"There is considerable demand from the Arab sector for porn which 'speaks to them', as it were. So we wanted to emphasize that this was a precedent-setting ethnic film," he said.
But as of mid-December -- several days before Kashua and Amir were attacked -- the cover of "Yussuf and Fatima" had been stripped down: no minaret, no title, just the photograph.
"An Arab client who bought the film called in to lodge a polite request that we change its look to avoid causing offence, so we did," Lahat explained.
Some Muslims took further umbrage at the name Fatima, which was also that of the Prophet Mohammed's daughter. On this account, Lahat was unapologetic.
"In these parts you can find a scriptural connection to just about any name," he said. "Take a look at Hebrew, for example. Some of my Jewish actors have biblical namesakes too. So what?"
PRIVATE ACT, PUBLIC DISGRACE
"Yussuf and Fatima" hit sex shop shelves in mid-December. Within days, word that a local woman starred in it was echoing around Tira's narrow lanes. Communal curiosity was aroused.
Though no one admitted watching pornography, many townspeople knew "someone" who had identified the couple copulating in the grainy, hand-held footage.
"There are things which are private to man and wife, but when they are made public they become a disgrace," said Ashraf Sultani, a lottery-booth owner in Tira's squat shopping mall.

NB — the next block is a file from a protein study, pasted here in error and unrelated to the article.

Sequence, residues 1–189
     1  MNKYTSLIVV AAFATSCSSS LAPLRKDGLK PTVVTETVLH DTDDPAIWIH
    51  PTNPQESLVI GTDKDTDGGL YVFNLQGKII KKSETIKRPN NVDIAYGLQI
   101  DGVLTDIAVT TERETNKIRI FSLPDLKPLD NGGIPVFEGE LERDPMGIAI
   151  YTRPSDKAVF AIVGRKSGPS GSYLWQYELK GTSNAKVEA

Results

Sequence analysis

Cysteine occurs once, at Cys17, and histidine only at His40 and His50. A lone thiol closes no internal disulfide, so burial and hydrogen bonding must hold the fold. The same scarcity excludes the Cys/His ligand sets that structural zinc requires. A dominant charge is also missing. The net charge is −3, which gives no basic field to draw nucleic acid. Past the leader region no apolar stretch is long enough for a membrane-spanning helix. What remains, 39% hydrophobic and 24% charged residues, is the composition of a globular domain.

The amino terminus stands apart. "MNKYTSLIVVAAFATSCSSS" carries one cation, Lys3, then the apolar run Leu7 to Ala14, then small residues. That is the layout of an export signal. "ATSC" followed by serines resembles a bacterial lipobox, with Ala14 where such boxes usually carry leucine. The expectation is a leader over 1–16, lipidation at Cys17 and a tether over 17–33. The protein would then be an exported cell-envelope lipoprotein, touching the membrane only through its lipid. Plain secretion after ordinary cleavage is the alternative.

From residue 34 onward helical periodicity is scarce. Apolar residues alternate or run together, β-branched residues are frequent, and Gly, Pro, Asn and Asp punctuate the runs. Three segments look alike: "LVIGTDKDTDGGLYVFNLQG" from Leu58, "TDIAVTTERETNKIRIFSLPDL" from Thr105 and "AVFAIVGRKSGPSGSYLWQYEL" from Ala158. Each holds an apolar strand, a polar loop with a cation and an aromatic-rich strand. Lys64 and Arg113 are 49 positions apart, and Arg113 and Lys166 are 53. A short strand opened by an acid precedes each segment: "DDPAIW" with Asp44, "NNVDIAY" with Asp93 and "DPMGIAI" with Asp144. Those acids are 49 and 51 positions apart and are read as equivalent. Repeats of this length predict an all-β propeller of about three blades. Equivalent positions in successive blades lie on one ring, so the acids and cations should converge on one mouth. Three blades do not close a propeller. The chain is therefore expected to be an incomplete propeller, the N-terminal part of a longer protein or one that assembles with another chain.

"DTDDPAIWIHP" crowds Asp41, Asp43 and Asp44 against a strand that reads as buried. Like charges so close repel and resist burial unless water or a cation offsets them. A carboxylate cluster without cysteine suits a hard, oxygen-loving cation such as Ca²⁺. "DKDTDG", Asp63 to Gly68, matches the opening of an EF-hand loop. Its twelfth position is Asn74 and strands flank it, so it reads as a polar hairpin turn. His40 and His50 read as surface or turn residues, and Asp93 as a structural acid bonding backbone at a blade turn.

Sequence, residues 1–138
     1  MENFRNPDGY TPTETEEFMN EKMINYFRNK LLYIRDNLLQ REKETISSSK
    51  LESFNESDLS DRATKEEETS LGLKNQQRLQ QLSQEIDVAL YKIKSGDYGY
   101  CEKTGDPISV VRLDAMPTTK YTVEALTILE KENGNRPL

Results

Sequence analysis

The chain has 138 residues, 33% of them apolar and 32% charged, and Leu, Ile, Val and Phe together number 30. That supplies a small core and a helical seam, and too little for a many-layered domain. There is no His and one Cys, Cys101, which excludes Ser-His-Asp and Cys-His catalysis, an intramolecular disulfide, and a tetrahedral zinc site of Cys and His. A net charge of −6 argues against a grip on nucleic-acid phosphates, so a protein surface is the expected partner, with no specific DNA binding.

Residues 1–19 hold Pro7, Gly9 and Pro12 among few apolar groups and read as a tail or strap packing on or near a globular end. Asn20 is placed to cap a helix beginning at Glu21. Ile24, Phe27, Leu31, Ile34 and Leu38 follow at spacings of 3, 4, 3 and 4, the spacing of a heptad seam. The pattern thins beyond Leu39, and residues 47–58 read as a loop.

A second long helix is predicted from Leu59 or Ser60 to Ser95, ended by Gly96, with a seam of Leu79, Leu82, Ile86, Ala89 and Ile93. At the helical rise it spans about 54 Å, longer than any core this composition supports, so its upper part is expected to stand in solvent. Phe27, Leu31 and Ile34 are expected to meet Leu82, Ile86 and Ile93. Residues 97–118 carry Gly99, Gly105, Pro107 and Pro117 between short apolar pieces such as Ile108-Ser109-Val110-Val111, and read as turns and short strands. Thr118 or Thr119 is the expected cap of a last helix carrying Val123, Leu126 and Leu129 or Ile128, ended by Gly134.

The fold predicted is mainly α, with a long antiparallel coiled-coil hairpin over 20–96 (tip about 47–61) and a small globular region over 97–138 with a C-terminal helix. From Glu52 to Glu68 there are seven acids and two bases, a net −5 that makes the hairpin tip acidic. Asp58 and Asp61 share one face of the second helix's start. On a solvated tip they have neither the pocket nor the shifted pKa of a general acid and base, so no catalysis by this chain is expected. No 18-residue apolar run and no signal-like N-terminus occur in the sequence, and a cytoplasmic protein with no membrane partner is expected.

On the door leading to the main square, Kashua's family had taped a black-on-white poster made to look like a death notice.
"As God, and you all, are our witnesses, we hereby cut off all ties (with Amal Kashua) for all eternity," it read.
Kashua's brother endorsed the attack on the couple. "If I could, I would eat them both raw and spit them out," he told Israeli television, his face obscured and first name withheld.
A leading Israeli feminist described Amal Kashua as the latest victim of "family-honor" violence seen among Israeli Arabs and other conservative Middle Eastern societies.
"With standard domestic violence, the husband attacks the wife, whereas in family-honor cases the woman perceived to have 'strayed' from the moral code is fair game to other men in the community," said Yael Dayan, a long-time member of Israel's parliamentary committee for the advancement of the status of women.
Around 10 Israeli Arab women are murdered each year because of family honor, she said, with countless others beaten or banished.
"What's tragic is that, as Amal tells it, she got into pornography because of her financial straits. It is the same with many Israeli Arab single mothers who become prostitutes to support their children. And it may well get worse," Dayan said.
Israel's labor market and welfare system have been gutted by an economic slump linked to the world recession and a more than two-year-old Palestinian uprising for independence in the Israeli-occupied West Bank and Gaza Strip.
But the blues are good for blue movies, according to Lahat.
"Since this whole story over 'Yussuf and Fatima' broke out, we have sold hundreds of copies, most of them in the Arab sector," he said. "We may make another Arabic film. It pays."